The Changing Carnegie
Science Center 1991 -2001
a Tenth Anniversary: October 5, 2001
Ten years, 6,384,889 visitors, and another two
million people touched through outreach programs. Pretty impressive. But as
Carnegie Science Center pauses on October 5 to take a celebratory glance
back at its first decade, there are plans already underway for a
160,000-square-foot expansion, and the addition of Discovery Park, an
outdoor recreation area.
"We would like to continue to grow our
programs and audiences, and become a truly dramatic riverfront landmark for
the region," says Seddon Bennington, Carnegie Science Center Director.
He adds, "It's wonderful to be part of an organization that plays such
an important part in this community, and in the region's development."
The Science Center has created a solid foundation
to accomplish its goals. Ron Baillie, Director of Education, beginning at
Buhl Science Center in 1983, says he's seen the new Science Center blossom
into an "integral part of the community" and a place people
return to time and again.
Baillie says that's due to the variety of
changing programs and formats offered, and the staff's ability to create
exhibits that appeal to a wide-range of interests. The new UPMC SportsWorks is a perfect
example. "There was a survey
done in Toronto that showed sports fans were the largest group of people
unlikely to visit a science center," Baillie says. But UPMC SportsWorks, with its interactive
approach, will certainly draw that crowd. And the new Friday and Saturday
night program is aimed at 18 to 24-year olds--a group as unlikely as sports
fans to hang out at a Science Center.
Dennis Bateman, assistant director for exhibits
and facilities, who also started at Buhl Science Center, feels the new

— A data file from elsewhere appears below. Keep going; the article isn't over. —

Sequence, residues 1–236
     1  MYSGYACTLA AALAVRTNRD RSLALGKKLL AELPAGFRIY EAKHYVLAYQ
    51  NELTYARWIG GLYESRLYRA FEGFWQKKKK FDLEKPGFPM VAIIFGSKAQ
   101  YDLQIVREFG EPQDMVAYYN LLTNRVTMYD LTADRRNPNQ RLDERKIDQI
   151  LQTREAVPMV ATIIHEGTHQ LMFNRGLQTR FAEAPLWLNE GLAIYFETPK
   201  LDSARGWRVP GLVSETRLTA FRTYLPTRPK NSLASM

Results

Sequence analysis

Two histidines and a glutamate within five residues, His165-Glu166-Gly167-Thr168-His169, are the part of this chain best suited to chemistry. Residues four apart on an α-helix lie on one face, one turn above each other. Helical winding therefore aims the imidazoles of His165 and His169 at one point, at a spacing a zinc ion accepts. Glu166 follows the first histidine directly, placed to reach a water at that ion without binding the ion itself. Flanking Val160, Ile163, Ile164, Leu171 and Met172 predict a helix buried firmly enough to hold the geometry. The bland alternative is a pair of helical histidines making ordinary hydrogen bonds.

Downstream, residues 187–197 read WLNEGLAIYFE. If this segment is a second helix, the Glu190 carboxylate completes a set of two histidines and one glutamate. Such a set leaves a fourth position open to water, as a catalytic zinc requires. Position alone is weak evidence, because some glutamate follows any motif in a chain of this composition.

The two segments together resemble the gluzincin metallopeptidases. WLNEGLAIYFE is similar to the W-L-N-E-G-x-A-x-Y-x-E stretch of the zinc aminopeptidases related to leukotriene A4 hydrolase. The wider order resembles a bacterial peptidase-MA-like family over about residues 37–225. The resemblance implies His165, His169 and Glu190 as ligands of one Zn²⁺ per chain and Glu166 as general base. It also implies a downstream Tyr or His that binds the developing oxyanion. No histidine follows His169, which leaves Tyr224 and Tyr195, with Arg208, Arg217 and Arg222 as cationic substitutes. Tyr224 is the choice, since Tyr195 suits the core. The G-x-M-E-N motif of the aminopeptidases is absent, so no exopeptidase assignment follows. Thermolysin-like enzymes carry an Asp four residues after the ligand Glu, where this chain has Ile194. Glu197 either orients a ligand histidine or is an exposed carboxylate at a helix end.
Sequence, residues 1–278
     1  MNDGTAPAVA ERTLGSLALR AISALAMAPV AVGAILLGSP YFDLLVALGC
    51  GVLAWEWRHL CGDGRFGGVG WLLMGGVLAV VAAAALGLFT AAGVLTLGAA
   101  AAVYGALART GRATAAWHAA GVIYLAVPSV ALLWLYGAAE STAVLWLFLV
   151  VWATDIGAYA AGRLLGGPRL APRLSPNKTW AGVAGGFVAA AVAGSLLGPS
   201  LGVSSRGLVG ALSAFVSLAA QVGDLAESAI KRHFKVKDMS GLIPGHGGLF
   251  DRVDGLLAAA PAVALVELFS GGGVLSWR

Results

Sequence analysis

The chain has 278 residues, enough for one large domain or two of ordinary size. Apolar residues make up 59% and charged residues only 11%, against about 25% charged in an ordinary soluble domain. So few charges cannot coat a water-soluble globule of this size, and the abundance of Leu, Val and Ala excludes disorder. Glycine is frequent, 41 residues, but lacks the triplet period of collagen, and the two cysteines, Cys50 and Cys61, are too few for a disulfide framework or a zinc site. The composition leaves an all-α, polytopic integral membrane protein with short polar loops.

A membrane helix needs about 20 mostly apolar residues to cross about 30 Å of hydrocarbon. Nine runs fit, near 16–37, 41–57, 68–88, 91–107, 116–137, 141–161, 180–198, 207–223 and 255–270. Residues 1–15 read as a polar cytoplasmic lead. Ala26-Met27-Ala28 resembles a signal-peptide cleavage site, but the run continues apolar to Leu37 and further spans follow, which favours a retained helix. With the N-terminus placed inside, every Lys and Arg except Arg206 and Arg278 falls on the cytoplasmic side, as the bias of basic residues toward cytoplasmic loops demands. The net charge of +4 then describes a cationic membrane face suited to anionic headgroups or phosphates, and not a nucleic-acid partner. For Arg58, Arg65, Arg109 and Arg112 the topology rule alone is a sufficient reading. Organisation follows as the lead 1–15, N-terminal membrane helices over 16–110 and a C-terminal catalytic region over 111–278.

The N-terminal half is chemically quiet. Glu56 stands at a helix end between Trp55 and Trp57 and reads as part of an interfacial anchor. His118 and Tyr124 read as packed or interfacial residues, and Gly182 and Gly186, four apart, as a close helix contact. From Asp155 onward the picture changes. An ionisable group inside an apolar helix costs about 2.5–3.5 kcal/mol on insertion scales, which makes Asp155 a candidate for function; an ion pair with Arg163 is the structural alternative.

Science Center's interactive displays are a large part of its
success. "When we opened, we were the only one with
interactives," Bateman says. "Now the Pittsburgh Zoo and the
Heinz History Museum has them--so we helped raise bar on that."
Of course that means the Science Center now has
competition. "It keeps
us on our toes," Bateman says...and creates
a need to keep improving internally. "Now people want to know what the
next thing will be--which means competition with ourselves," Bateman
Looking ahead, Baillie says, "The track we are on is not
finished. I've met many people who still haven't come to visit." But
that will change as the Science Center builds upon its rich past, and word
continues to spread of what it has to offer.
"We're so proud of the good feelings people
have about the Science Center," says Bennington. "Whether it's
children, teens, parents, adults, teachers, politicians, tourists--it's
wonderful to be part of a place that continually receives such positive
This past spring, as Baillie watched a busload of
10-year-olds prepare to enter the center, he overheard one little boy,
obviously a repeat customer, turn to a buddy and exclaim, "This place
is SO cool!" That type of energy and enthusiasm will keep the Science
Center alive and thriving for decades to come.
Special events are planned to celebrate the
anniversary on October 4, 5, 6.
Timeline of Change
Buhl Science Center and Planetarium opened in
1939, and in 1987 merged with Carnegie Museums of Pittsburgh. The 1991
Carnegie Science Center that grew from Buhl in 1991 is in some ways a
62-year old institution, with deep and well-remembered roots in Pittsburgh.